The Museum of Ho Chi Minh City, a five-minute walk from the Rex, is housed in a classical 1885-built building. The collection centers on the Communist history of Vietnam, including French-language newspaper clips of Ho Chi Minh's writings, which he penned under a pseudonym. (65 Ly Tu Trong Street, District 1; open 8 a.m. to 5 p.m. daily; admission less than $1)
Probably best known to those who lived through the Vietnam War is the Presidential PalaceReunification Palace, which is a museum and reception center under the name of Reunification Hall. Built in 1965, the building housed banquet, ceremonial and meeting rooms and, in the basement, a warren of offices from which the Vietnam War was conducted. Original equipment -- radios, phones, printing machines and maps -- is on display. Standing on the hall's front steps, look across the courtyard to the main gate that was dramatically breached on April 30, 1975, by a North Vietnamese tank, signaling the Communist victory. English-speaking guides are available. (106 Nguyen Du Street, District 1; open 7:30 a.m. to 11 a.m. and 1 p.m. to 4:30 p.m. Monday to Friday; admission $1.50)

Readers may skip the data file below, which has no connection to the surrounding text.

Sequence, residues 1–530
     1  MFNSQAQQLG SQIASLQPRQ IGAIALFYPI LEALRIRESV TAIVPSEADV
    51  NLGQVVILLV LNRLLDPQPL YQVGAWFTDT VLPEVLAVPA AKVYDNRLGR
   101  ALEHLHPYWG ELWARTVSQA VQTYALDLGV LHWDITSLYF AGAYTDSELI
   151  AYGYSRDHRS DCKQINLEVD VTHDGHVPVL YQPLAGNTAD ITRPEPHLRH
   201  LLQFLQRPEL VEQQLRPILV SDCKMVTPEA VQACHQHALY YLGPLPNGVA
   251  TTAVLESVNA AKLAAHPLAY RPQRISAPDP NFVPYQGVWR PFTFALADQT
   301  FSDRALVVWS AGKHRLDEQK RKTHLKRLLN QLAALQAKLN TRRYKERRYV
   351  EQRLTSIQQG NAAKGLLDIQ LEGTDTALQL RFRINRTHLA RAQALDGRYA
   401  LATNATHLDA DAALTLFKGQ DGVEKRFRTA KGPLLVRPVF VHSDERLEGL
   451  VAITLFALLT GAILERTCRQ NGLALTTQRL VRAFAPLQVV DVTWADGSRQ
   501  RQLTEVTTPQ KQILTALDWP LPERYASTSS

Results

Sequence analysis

Two blocks behind is the War Remnants Museum, Once known as the Museum of Chinese and American War Crimes is sure to bring back bad memories for baby boomers. But, for those who want to dig deeper into the horrors of war, the museum offers candid photographs and exhibits with a distinctly anti-American and anti-French slant. A guillotine, prisoner cages, wartime photos (some not for the faint-hearted), tanks and armaments are also on display. Some of the labels are in English. (28 Vo Van Tan Street, District 3;; open 7:30 a.m. to noon and 1:30 p.m. to 5 p.m. daily; admission less than $1)